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THE CAPE WEEKLY TRIBUNE AND CAPE COUNT YIIERALD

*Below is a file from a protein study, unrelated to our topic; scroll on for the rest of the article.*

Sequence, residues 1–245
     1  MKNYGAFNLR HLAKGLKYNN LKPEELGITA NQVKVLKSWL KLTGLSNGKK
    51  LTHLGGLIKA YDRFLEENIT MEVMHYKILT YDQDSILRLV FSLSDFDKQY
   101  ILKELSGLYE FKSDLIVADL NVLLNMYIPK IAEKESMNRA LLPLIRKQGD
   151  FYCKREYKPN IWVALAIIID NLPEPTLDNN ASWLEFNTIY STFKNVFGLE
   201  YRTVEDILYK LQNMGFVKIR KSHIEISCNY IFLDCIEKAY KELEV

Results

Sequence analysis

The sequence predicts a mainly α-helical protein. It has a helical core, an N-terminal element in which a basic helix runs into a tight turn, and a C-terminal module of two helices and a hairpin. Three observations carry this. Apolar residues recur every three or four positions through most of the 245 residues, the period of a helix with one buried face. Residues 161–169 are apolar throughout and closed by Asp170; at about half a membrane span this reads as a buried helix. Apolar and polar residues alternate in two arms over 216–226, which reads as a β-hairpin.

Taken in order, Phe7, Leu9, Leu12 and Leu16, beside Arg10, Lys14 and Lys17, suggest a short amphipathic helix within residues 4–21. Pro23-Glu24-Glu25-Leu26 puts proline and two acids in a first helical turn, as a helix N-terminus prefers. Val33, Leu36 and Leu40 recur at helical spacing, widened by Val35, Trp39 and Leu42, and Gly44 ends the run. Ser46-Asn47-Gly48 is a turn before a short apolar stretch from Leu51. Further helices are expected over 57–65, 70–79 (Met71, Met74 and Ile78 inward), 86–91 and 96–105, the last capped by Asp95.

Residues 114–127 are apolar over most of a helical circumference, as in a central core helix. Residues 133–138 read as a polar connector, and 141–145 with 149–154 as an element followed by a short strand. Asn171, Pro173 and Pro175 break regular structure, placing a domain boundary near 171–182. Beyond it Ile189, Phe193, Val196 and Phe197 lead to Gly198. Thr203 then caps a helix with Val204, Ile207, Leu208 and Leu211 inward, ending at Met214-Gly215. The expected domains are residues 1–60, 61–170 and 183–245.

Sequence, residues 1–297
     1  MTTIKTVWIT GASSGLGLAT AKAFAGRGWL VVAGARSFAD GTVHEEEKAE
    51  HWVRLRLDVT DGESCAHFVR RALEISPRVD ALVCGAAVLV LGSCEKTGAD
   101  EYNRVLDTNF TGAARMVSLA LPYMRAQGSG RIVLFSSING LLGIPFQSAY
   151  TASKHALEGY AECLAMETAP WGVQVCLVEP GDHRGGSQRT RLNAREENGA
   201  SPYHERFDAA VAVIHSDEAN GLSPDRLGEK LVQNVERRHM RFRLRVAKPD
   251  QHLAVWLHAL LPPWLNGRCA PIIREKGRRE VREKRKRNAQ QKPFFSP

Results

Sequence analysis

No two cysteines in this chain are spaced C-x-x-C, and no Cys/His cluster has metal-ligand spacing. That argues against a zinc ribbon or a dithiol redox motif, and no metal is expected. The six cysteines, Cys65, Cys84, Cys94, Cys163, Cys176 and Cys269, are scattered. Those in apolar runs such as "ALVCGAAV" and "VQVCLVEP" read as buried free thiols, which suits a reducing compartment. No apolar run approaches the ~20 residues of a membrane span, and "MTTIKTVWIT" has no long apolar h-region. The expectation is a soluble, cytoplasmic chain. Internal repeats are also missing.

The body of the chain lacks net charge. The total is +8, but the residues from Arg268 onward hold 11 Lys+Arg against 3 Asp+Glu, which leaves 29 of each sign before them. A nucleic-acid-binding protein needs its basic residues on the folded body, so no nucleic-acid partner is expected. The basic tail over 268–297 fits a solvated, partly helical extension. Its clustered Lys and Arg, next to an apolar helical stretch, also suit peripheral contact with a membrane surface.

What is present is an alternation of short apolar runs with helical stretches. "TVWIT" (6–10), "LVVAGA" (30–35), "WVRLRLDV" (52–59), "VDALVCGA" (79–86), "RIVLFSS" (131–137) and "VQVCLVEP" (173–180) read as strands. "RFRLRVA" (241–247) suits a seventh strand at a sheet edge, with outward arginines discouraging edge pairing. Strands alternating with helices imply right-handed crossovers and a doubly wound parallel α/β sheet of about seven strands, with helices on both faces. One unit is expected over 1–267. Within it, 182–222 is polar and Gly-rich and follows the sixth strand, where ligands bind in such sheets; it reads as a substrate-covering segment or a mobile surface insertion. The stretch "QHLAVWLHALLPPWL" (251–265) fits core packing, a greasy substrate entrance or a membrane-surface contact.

THE CAPE WEEKLY TRIBUNE AM) THE Ct Jhl'NTY n1Hi Every Friday by TIIH CAP ft GIUARDKAt PUBLISHING COMPANY. M'i'i n itt-N H'l: KNrin a s ...: 1 : .. Mviii.i: at 1 hi. i-os .rncK a I i i ; I K i: i i: a I . .. ii.nmni; ONE DOLLAR IEK YEAR IN ADVANCE GOLDEN THO I (.HIS I ROM LINCOLN. I like to see a niiiti proud of th" plaee in which lie lives. 1 like to see a man who lives i:i u so that his place will be proud of him. Bo honest, but hate no one; overturn a man's wrong doing but do not iverturn him unless it must be do:v in overturning the wrong. Stand with a man that stands right; stand with him while he is right and part with him when he goes wrong. Abraham Lincoln. STARTING DOWN THE PROrER ROAD. The report of Secretary Hinchey to tho Commercial club last night was Idled with good suggestions. His recommendations and the favorable ac tion taken upon them by the club is the answer to the question: Why does Cape Girardeau grow? A commercial organization like the Cape Girardeau club must neces sarily depend upon its secretary to steer the body right and map out the road down which the club must travel. Mr. Hinchey's report shows that he first decides what should be done and then goes ahead. It is quite evident that the Commercial club's secre tary studied the subjects before he discussed them last night. He knew what he was talking about and the members of the organization who heard him, know that what he asked for should be granted. His argument in favor of establishing a market in this city was convinc ing, and the fact that a committee was appointed to investigate the propo sition and report back to the club, is evidence enough that Mr. Hinchey con vinced the Commercial club that this city ought to have a market. The Tribune holds the same view that Mr. Hinchey does. If the farmer knew that he would have a sale for his produce by bringing it to this city, wg are satisfied that it would be delivered here. But at present he does not have this assurance. To haul a load of edibles from the farm to the Cape and then be compelled to peddle them to the consumers is a task that loes not encourage the farmer. And that is why Cape Girardeau does not jret as many fresh eggs, hickory-cured ham, and good butter as it should. If the business men will help the farmer they may rest assured that he will help them, and by each helping the other, they will automatically aid Cape Girardeau to grow. And that is the aim of the Commercial club. STEADY. NOW. STEADY! The following appeal to the business man, which was received yesterday by .Mr. Philip A. Hoch from a large manufacturing house, preaches a splend'd truth. It illuminates the opportunity that has come to this coun try .i t of the struggle which is shattering all Europe. The Tribune take pleasure in reproducing the message: We are one hundred million people occupying prolific and wonder fully endowed territory on earth. In this great crisis we are destined to he the balance wheel of civilization, the reciprocating parts in the machinery of reorganization which must follow after the clash of arms !h milled. Never was a great nation better prepared to take full advantage of the opportunity thuH offered. In our vast confines are contained all the p4f ntial.4 of life in greater abundance than ever before. While the armies of Europe are tramping the grain fields and destroying the avenues of distribution our husbandmen are gathering vast crops and the machinery for their conservation is intact. While the old world is burning million of treasure daily, we are ac cumulating and adding to our store. While the finances of the Euro pean powers are crumbling into charts, ours were never belter or on a more sure foundation. From the four points of the compass u HI come a cry for our food and our manufactured products of ev ery kind. Of all the nations we will have in the greatest abundance ' h" necessities for rehabilitation. I.il us have no fear of impending diattr or fee! uncertain as to our future hut attend to our hii-ine. linn in t h- knowledge that of all tin- nii.ole on earth we are the inot fuwit iMv situated, and that it is our destiny ! be lb" leuilinu lorcc of the world in commerce and till; in -s. Ill TING THE CAPE IN LONG PANTS, VV i' !.. drain; " pi e.in ; i : r;t ioi- t:'l :ii i o.-ii- to this, ci' V. V: "i t ho iv 1 i ..t hoi ii '. ii ' ' imIIv be, i ad vai.au. ( 'ape ' lii aril, mi ought to Ik -ii rtunitir- thet nn'.-t ivces- i.afi' I'; G:.v . .. I.. ;. i!"i : tie- , M'OU In- t - f .ill I'm' .""iv, uniii'! in this .nl it : Ik,.. . "ii .'.lii.-ln-il, Southeast Missouri will i' the uai !.!! '!' t ? Mi.-.-ouri and Cape Giranvni: viil it'-Wi.y tn ti.i.s i-alie ( promise. mi thi- i. il. . m.'. I -nil as Missouri fanner? r. c r saw it .'a- laial v.i'i 1-r. p- op; of thrift from th four cor- .- . r ;!; i 1, an will derive tho gre-ttest benefits of a!' art of the s'.ati', berau.-e it has the location, has the citizens dug th" ditch s that drained the land. Tie of ore, it bi hooves Cap. Giraidoau to be ready to take advantage it'iatiun. An ii.t n;.i.:ui lin" would link the Cape to this new do main. It would make this , ;i; C f ading post for all the people in the wh .! o.itheiist. I!y ronnecting Cape Guard.. a ; v.'.r'u (.'halloo, lllnio and other neighbor ing ; y.vns, the merchants ef ih.- i it y v. ould be able to serve farmers from afar as well as the people who li.e in villages, If by driving to their near est u ..n the farmers could board an electric car and arrive in Cape Girar deau i.n hour or so later, busin . - in this city would be trebled. At present it is just as o vn '. i t for a fanner living in one of the lower counties to go to St. Louis s ii is to come to Cape Girardeau. If they liiust drive to a railroad point, then board a train and later change to another line, many believe they ay as well shop in Chicago or St. Louis. And those who do not care to make these long journeys, read some mail order catalogue and do their buying from pictures. The merchants of Cape Girar d i ought to get all of the business from this section that is going elsow: jo. Vit'.i ai i-.terurhan line, this city would be to Southeast Mi-soari what Chicago is to Illinois. Briefly, it would put the Cape in long pant;. THE WHITE WAY. was granted its franchise and which must be done without any more de lays. The company is entitled to u fair chance with the peopfe. It has received this and more. !f it continues the work it hus begun, tho people will bo willing to furtive it for its past dereliction, but if it falls back in its old rut of maki'ig promises nnd then breaking them, it will not be able to sneak by as it has for two years. The Missouri Public Utilities Company's light and power are good enough, its "White Way" is excellent, but its water and gas are abominable. When the company brings the water and gas up to the standard of its elec tricity and "White Way" and then takes over the street car line, as it agreed to do, it will have kept its contract with the people. And until it carries out the promises it made to Cape Girardeau in return for a valuable franchise, the Missouri Public Utilities Company will remain under suspicion. THE PEOPLE'S WISHES IGNORED. Aim st three months have elapsed since Mayor Kage asked the City Council take up the question of removing the city garbage, and appointed a committee to ascertain the cost, etc., and then report back to the Council. That was the last of it. There has been no report and if there has been an investigation made, the results have been suppressed. The Mayor has recommended a scheme to remove the garbage, the Coun cilmen have expressed themselves favorably regarding it and the people have spoken through the Civic Improvement Association, which has urged the city to act. Why has this important matter been ignored? There is no answer save neglect, and there is rio excuse for a public official to neglect the people. There is no city the size of Cape Girardeau anywhere that permits its re fuse to decay in back yards, in alleys and on the street corners. Anyone with common sense knows it breeds disease and is a constant menace to the city's health. The story told by the Arkansas Traveler is peculiarly applicable to the attitude of the City officials just now. The Arkansan, who lived in an unroofed hut, said he couldn't cover it when the rain was falling and when the sun shone, he didn't need it. The City Councilmen, who are holding up action on the garbage question, apparently were too busy during the summer to take up a progressive measure, and now that autumn will soon be here, they are patiently waiting for our swill to freeze. That may be one way of disposing of a problem of immense interest to the people, but it will never do for a platform upon which they may stand and be re-elected. . Cape Girardeau needs lawmakers as progressive as the business men who are advertising this city all over the union. Men who kill measures that would advance the city's general welfare are a handicap to the men who do things in Cape Girardeau. The bill to inspect the dairies should have been passed and there can be no legitimate excuse for its failure. A city of Capo Girardeau's propor tions should be willing to do more than improve streets. The people of this town are in favor of progressive legislation and they will demonstrate that fact at the spring election. evening was pleasantly ( spent with music, games nnd two contests, both of which were won by Glenn HenU, Judge Hays today purchased the II. F. Lusk property in the western part of Jackson. The consideration was $1,740. Rev. Clarence Burton, pastor of the Methodist church, will preach only two more Sunday sermons for his Jackson Congregation. He will be transferred at the next conference meeting, having served the time limit here. Miss Alma Kiehne, who is doing stenographic work for Miss Adams'at the Cape, came home today to spend Sunday with her folks. Jackson, Sept. 14 Prof. Eggerding, teacher of the Lutheran school here, will accept the call extended him from a Lutheran congregation near Char- At the goal that you are striving for they'll joer, But do not get discouraged, plod along and be a man, And soon you'll hear the doubters start and cheer. For the doubters and the scoffers are against whatever's new, And failure is the thing that they foresee; They spend their days in telling what a youth will never do And they never help him win a victory. They're against the youth who's try ing till they see he has won, And the only thing they ever do is sneer, Till they suddenly discover the im- possible's been done, Then they rush to be the first to give Jackson, Sept 15 Gus Goehman, ter Oak, Iowa, to teach their school wno was charged with maiming live at an increase in salary. The congre- j 8tock, was arraigned before Justice of gation here regrets to lose Prof. Eg- tne Peace Putz today, and the hearing gerding, who is a very efficient lasted until almost evening. Goeh teacher. man was held for the Circuit Court Mrs. Arthur Braun received a tele- a $300 bond. Prosecuting At- gram Saturday, announcing the death torney Caruthers assisted by Judge of her only sister, Mrs. Olivia Harris, ' Sawyer, prosecuted the case. D. B. at her home in Christina, Texas. j Hines represented Goehman. Mr. and Mrs. Putman. who are stoD- The Republican county committee News From The County Seat I!y Miss Hermine Kiehne. .Iac! -on. Kept. 11 Misse Grace Yin yard ; 'd in.ia He! Hiei.ster leave Mon day i'or Ku-pheiis College, Columbia, where they will specialize In music. We in ..- glad to hear that K. C. Kneibe,:, .ho is in the Deaconess hos pital in 1st. Louis, is rapidly recover ing Hi, week. T'n i U. iii lielirens. Mi.-s 1 1,.:.- ) ii. ni'.en oi I'or Web. te. wroves, v. teach school. Mr-. Mil..-;. Hevk ir new i.i.iic . : Y'i .-1 Je.c day. stood by the good women of Jackson as meaning that they must be busy making quilts, now, to be prepared for the cold weather which will come. Miss Elsa Hoffmeister is deputy cir cuit clerk today, in place of Ben Mas ters, who is out of town. ping at the Central hotel, have taken room at A. M. Robertson's and will move there tomorrow. They will take their meals at J. S. Priester. Mr. Put man is the manager of the Gem thea ter. Mrs. Ella Dempsey, Mrs. W. B. Schaefer and daughter, Margaret, Magnus Dempsey and Harry Medley of the Cape, visited the family of J. E. Schmuke Sunday. Mrs. August Meyer of Gordonville, is in town today. Shirley Smith of Illmo, spent the day here yesterday. Theodore Obermiller, Sr., and daughter, Miss Dora, Eugene Ober miller, Luther Spradling and Ed Rose motored to Oran yesterday to visit the family of T. Obermiller, Jr. Mrs. Wm. Paar entertained this af- ternoon Mesdamcs H. Mueller, Sr., H. Mueller, Jr., C. Kerstner, J. G. Kies, Wm. Schwartz, Fred Kies, A. Kuell mer, A. Krueger, and the Misses Pau line and Nora Kerstner, Clara and Henrietta Mueller, and the Misses Guenther and Gerdelman of St. Loui.s. Mr. and Mrs. Fred Schneider and daughter, Evelyn, Mrs. Fritz Brien- C 4,1 i T, , l ,1 ,. Aiucn i.enrens an;, oaoy are ,oi Mrg Heinberg, Miss Linda Brien- ! reel Hartle, in Millerville. S. C. C. class of the Baptist Sun day school sent a barrel of canned fruit to tho Aged Baptist Home at Ivonton. The barrel contained fifty eight (oiaits. Joseph Caldwell of Marble Hill, was in town on business today. Miss I.eona Caldwell of Millerville, who has been visiting at Whitewater, came in on the Iron Mountain train this evening nnd is stopping with her cousin. Miss M:ry Dell Caldwell. Miss Caldwell will teach Poplar Grove school which opens next Monday. Jackson, Sept. 12 The many Jack son friends of Mr. and Mrs. E. R. lein and Mr. H. Poe, all of whom have been in St. Louis, returned yesterday. The Jackson correspondent for u Cape paper writes, "It has become the order, and iso more the exception, that citizens kick and make life miser able for the aldermen when they en gage in the work of improving streets. At each and every session some one raises a disturbance in regard to some proposed or half -done street work, ar.d last night's session was as usual." Mrs. Slaughter of Frederiektown passed through Jackson today enroute to the Cape, where she will visit with from an operation he underwent. i'a i.dy expect him home next : ..a etirig of the V. at tho home of Mrs. C T. Chas. - to..i;.. rhe V.il! !!yrd of Carisso Springs wore grieved j nPl daugnier, airs. a. aiueiior. to hear of the death of their little The funeral of the little son of Mr. son. Ruddle, which occurred j ester-! and Mrs. A. R. Byrd of Cari 'so, day in St. Luke's hospital, San An- ; Springs, Texas, who died in St. Luke's lo'iiu. Tev death was ce.'ised bv ! hospital in' San Antonio, Tex., v.ns U phther! '.irighter, the disea- i. an 1 M' Ruth., is , and Mrs. Byrd's critically ill with In !. l.d ti.i..-.-. nas iiin.v I to low r,. Mr. and Mrs. Henry J. i! 'isenl.i h lcr of Pocahontas, are in iv.vn to,!..; on business. Mrs. J. Putz of Pocahontas and Squiii llaiis of Daisy, arc- in tow n to day. The body of M..s. Amhew Clippard, who died at Oran, .,a.s brought hero on the n n taiii and will h' taken to Oak Ridge for intoi-ii.ent. J. E. Schmuke went to Oran today on business. He will be had; tomor row. Ii. M. Slaughter, the genial sales man for Krooger, Amos it James The body of little Ruddle will be !e-oo-! t 1o JaA.-oti on the Iron Moun tain train tomorrow, and will he taken i.-nnediaiely to th city cemetery, for Services will be held at the The completion of the "Whit" Way'' is proof that thr Missouri Public Utilities Company can necompli-h thing if it wants to. The progress made by this company sim The Trib'.no f.r.-t called tho public's attention to the company's disregard for it- own nroniiscs has ben a revelation. When The Tribune first demanded that the Utilities Company cany o its contract with the p-opie, th o-e v e-e no indications that it contemplated a "White Way," and th.- p-di'i had abandoned hope of ever gettin any thing more than in on.;- -. Two week aft. r 0:.'. - : -..a lies Company to ke. pi' . . " reached Capo Girardeau :.u.i '. In six weeks th- Pel h lti': during the previous tvi -. but it is only the bog'.!. nor. i in '.'.hi !'s i am jiai;- n to force the Utili u vi;'u tlv ivopi... a carload of lit;'11 poU s v k of it. cling tin-Hi began at once, ' ompary ac'-i--.i,ilished more that it had "V. nr. Way" is a iivdit to this city, '!! k t' hr cor.ipany promised v ', n it Virocery company, leu lor Ins home in Frederiektown today. Miss Mabel Rico had a number of her friends in last evening to help her celebrate her nineteenth birthday an niversary. It must surely have' been a delightful affair, us the guests, which numbered torty-live, stayed un til midnight and wire loth to leave then. Mr. and Mrs. Eli Ahernatliy enter tained at dinner today. Mrs. I., ho.-s, Mrs. L. Wilson, Mrs. Ilohnhanip. Mrs. R. M. McCombs and daught t. Helen. Mr. and Mrs. U. K. Wilson, and Mr. and Mrs. A. A. Boss. Dr. Slaughter of rredcricktwn, passed through Jackson today on his way to Perryville. Miss Grace Johnson of .Im kson S. E. Van Gilder of Cap (hra will bo married tonight. Tliev mak" their future home at the Cape ieit-ia' grave. Mrs. Rebecca Holmes of Augusta. Me., arrived in Jackson today for a visit to her sisters, Misses Lizzie and loylo Rannoy. Mrs. Holmes formerly was Miss Rebecca of Tampa, Fla. The infant son of Mr. and Mrs. Jo seph E. Schmuke will bo christened ut the Catholic church today. Miss Louise Schaefer of the Capo came to this city to bo godmother. Miss Flora and Dora Haldormann : have gone to Illinois for a months' I visit with friends. I Mrs. J. M. Allison, wife of the presi ! dent of Allison's toggery in Capo Gir ardeau, und Mrs. Al Brinkopf spent j today with Mrs. George Kurre. ; Miss Ethel McLain, who attnd , ing the Normal school, came home to j day to upend Sunday with her par : rnts. . Mrs. Charles Macke and daughter, Margaret, have gone to Advance on a visit. Several Jackson ladies went to tho Cape tonight to attend the suffrage and ' meeting in tho court housi?. '"'.'J; ! Miss N'nra Speak, who has "been Will ,: , , ii:iiiiimk uio pasi ween wun r.er par- L. C. Hoffmeister moved. into his fiat 'nts' Mi" rpturn to th Capo tomor- on .Main street today. Oliver Kinder of Whit"". Jackson yesterday. Mrs. Oherheide of the t ItilX her niece, Mrs. 11. ('. The Indies' Aid Mic'eiy byterian church' will ,,.-,.; ir.. r.t to eoilt this aft- re th." i'v-t t! '" the Indie- :. tin" n,w hiiM-mont. The Baptist Ladies' Aid ni'M t in '.ho church h i this ii'Vnonvt. "! . pure f o' v a ." y.-. .s t row. 'r, v as in I Mr. and Mr. Fred M.-'V.ii'-e of -r i. Taction, have potp to Hot Snrisvs. t-. V'-k., for Mrs. McGuire's health ' Miss M.-H-V IVll Cf.b'T'l. iM.oto.-d " of the Collector, gave a o ivty Th I "--day evening, but owing' to the iecl" o'.ent weather only a few " o-,s ab'o - ! attend. Those person, wi ": Rohi't I Guza nod sister. .!;..; ' f dr, I' "id An'oi-U,. o.;,,V 1 ;lv l:. ,. .Jul. Gl. un and ':" -'..v " - VI-: ot. ' I'l'i ' Ir,. held in this city yesterday afternoon. The services were tt. ended h: a largo number of relatives and frh i ds of the family. Among those present from out of town were: Mr. and Mrs. Win. Byrd of San Antonio, Mr. nnd Mrs. A. R. Byrd of St.. Louis, Mr. and Mrs. Over- ; all of Columbia, Mr. and Mrs. Dan N'ovnnz of Fayette, Mr. and Mrs. L. B. Houck of Capo Girnrdeau, Mvs George Barringer and two daughters ; of Jonosboro, 111., Tolk Barringer of i Cairo and Joe Howard of Oak Ridge. I Tho burial services were held at the Jackson cemetery. Two mission feasts wore hold in the neighborhood, Sunday, one at the Sa lem Evangelical church, and the other at tho Tilsit Lutheran church. Th" ministers participating in the exer ises at Salem were: Rev. Diebol of Arkansas, Rev. Bemberg of Cape Girardeau, Rev. Layman of Oak Ridge and Pev. Herman of Jackson, Rev. G. Press of Peoria, 111., a son of tho pastor of the Salem church, preached sermons in both English and German. The ministers attending the Tilsit exercises were: Rev. Fleiss of Poca hontas, and Rev. Lohmann of Egypt Mills. Mr. and Mrs. Yess Lawbaugh and Mrs. Julius Rozier of St. Mary's, pass ed through Jackson today on their way to the Cape, where they will visit ' the family of W. H. Medley. We would call the attention of our aldemen to tho following verses which were copied from tho Detroit Free Press. Tf yen listen to tho doubters nnd the scoffers on the way. You wit never ri.-'o to "lory or t fame; If yon v e'lhly giv" '.'i'"? just be cause what they sn". You will never be a loader game. Tii.".- ill h.ii'd.-." v,.' ii.'d he. in tee at a meeting held here Saturday filled some vacancies on the ticket and is sued the list of candidates for minor offices: For public administrator F. W. Oberheide of Cape Girardeau. Justices of the Peace: Applecreek township: D. C. Hilderbrand, 0. S. Armstrong, John G. Putz; Cape Gir ardeau F. A. Kage, W. H. Wilier, Orren Wilson; Hubble E. Hastey, L. O. Groscclose; Kinder August Eie man; Liberty A. E. Poinsett Randol Julius F. Stcger; Shawnee Elihu Hodge; Welch Albert J. Hitt; White water D. L. Crain. Constables: Applecreek township Louis Schott; Byrd Tom Hunt; Cape Girardeau D. M. Scivally; Hubble O. F. Willa; Kinder Joe Meyer; Lib erty Charles Huenecke; Randol Wm. Wissmann; Shawnee August Schoen; Welch Emil Pruitt; White water Ed Miller. Mrs. Ed Hays and brother, John Burford, drove to Schumer Springs Sunday to bring home their mother, Mrs. M. E. Burford, and her nurse, Miss Ivah Statlor. Mrs. Burford, who went to Schumer Springs six weeks ago to get relief from rheumatism, is very much benefitted. Henry Mueller, who is at Swan Lake Camp, Yelowstone Tark, will leave there today and expects to bo home Thursday. He intended stopping at different points of interest hut having a very sore foot as tho result of step ping on a nail, will come direct home. The Ladies' Aid society of the Lu theran church will moot sit tho home of Mrs. Froemsdorf, throe miles east of town tomorrow. Judge Ed D. Hays went to St. Louis yesterday. Tho Ladies' Homo Mission Cottage Prayer Meeting will be held at the homo of Mrs. John Burford Wednes day .fternoon. Miss Essie Robertson, who is teach ing music at Whitewater and Lutes ville, came home yesterday on a visit. Mrs. Kate Schmuke will go to the Cape tomorrow for a fo : davs' visit with tho family of Judy- Vi.i. B. Schaefer. Sam l'etei iii'iim i- having some al terations made in bis pretty new bungalow, which he r centiy pun bas ed from Puis imd Wilson, and expects to move his family in this week. Tho family of Senator Lane of the Cape, visited with Mr. and Mrs. Bainl hero Sunday. Sherman Daley went to Capo Gir ardeau and Dexter today. Circuit Court moots tomorrow in an 1 adjourned term at winch time th law suit of V. II. Harrison and John H. Himmelbergor against Rodney G. Whitelavv will be tried. Two of our citizens, A. Yoges and E. House had quite a misunderstand ing yesterday which finally ended with blows. We are very much out of patience with the weather man for sending us another hard rain this morning, some thing entirely unnecessary. The Presbyterian Ladies' Aid So ciety meets Thursday afternoon in stead of Friday. Licensed to marry: Louis Hender son and Cora Hubbs, both of Cape Girardeau. John S. McCombs of Al lenville, and Francis Bessof Freder iektown. John Madden, who in a fall from the roof of the McNeely machine shop a few days ago sustained fractured bonos and torn ligaments in his risrht leg, is reported suffering considerable today of the uijuries. Mrs. A. W. Grosshoider and daugh ter, Clara, from Gordonville, is visit ing Mrs. Grossheider's mother, Mrs. L. Kerstner, hero. Master John Fred Hartle of Miller ville is visiting the families of his grandparents, Mr. and Mrs. W. Ghnl ish, and Mr. ami Mrs. E. Hai ti. . Invit:U.io!f. luivo bo n issued 1- '. Presbyterian Ludit' Missionary So ciety for a Japanese fa, at do be of Miss Bessie I.ittvnfe'ner. n.-vt K -i-ilav afternoon.